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Enjoy the blog? Consider becoming a patron to support the creation of these blog posts, photo essays, and short videos. In return, you’ll have my undying appreciation, but you’ll also get access to Patron-only content, advance peeks at works in progress, and more – all for as little as a buck a month! It’s easy – head on over to Patreon to have a look at how it all works.

Why Fly?

Spotted this seagull at Sombrio Beach today, determined to get to the other side in his own, special way… A seagull walks over a bridge...

E is for Excellent Expeditions

Funny how sometimes it takes having a visitor to get you out and about and exploring the neighbourhood! That’s exactly what has been happening since we started hosting our lovely volunteers – we’ve been tootling around southern Vancouver Island, showing them the sights and falling in love with our amazing home all over again.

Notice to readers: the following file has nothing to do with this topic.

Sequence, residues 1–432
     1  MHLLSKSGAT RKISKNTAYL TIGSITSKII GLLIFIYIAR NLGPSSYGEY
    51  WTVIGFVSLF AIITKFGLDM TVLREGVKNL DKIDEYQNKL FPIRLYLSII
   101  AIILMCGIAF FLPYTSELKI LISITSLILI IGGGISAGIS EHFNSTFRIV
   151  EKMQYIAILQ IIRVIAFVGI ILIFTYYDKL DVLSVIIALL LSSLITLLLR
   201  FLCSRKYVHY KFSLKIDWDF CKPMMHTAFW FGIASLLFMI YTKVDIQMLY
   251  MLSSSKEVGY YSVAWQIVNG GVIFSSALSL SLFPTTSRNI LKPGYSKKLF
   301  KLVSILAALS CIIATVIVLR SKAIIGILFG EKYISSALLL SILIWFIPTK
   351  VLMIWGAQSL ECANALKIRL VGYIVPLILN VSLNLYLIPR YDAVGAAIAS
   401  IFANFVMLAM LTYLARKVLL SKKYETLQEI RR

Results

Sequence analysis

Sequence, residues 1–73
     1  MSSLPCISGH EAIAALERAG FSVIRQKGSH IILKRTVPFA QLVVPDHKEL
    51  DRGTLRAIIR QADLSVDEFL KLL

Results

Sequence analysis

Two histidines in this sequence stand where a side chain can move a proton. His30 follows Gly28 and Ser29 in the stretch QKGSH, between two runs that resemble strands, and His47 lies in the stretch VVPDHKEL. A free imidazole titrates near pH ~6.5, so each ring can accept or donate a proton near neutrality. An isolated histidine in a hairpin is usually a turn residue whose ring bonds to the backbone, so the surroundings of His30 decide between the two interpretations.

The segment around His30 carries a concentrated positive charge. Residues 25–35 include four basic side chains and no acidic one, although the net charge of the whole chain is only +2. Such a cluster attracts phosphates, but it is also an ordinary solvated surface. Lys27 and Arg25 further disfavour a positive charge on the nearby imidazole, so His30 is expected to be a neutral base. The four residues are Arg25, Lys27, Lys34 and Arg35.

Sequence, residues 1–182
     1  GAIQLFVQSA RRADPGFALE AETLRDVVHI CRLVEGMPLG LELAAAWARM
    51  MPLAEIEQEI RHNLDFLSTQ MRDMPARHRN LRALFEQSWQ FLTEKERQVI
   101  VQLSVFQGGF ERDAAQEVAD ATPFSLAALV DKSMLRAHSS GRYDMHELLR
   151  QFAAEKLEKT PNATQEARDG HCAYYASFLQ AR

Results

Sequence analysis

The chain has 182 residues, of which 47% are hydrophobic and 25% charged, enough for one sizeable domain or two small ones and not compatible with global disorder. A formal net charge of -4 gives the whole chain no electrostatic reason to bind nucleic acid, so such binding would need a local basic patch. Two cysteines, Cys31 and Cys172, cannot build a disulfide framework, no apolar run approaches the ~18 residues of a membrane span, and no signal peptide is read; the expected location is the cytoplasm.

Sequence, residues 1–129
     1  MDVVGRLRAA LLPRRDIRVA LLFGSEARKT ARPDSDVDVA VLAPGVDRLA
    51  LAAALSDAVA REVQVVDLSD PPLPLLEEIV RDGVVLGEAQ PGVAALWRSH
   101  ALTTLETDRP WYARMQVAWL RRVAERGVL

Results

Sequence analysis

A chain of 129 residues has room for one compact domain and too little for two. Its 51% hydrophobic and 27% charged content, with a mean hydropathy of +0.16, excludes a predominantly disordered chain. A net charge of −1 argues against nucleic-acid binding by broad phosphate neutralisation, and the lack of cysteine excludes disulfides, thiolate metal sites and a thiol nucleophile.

The Kinsol Trestle on Vancouver Island is the largest remaining wooden trestle in the Commonwealth - the recently rebuilt and refurbished structure contains 60 percent of the timbers from the original completed in 1920.

The Kinsol Trestle on Vancouver Island is the largest remaining wooden trestle in the Commonwealth – the recently rebuilt and refurbished structure contains 60 percent of the timbers from the original completed in 1920.

I’ve lived here for many years and our family visited the island a number of times before that, but today was the first time I’d ever been to the trestle. D and T made sure to document our visitors’ experience of the day:

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Everyone was a little soggy, but the rain softened as the afternoon wore on and despite the weather we all enjoyed our outing.

Everyone was a little soggy, but the rain softened as the afternoon wore on and despite the weather we all enjoyed our outing.

A couple of weeks ago we all trekked out to East Sooke Park, another glorious destination not so far from here. IMG_8891[1]

It would have been hard to have picked a nicer day! The sun came out and between the hiking, the dogs romping, and the tasty picnic, we all came home happy and relaxed.

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Volunteers from our place and from Maypenny Farm enjoying a day at the beach at East Sooke Park.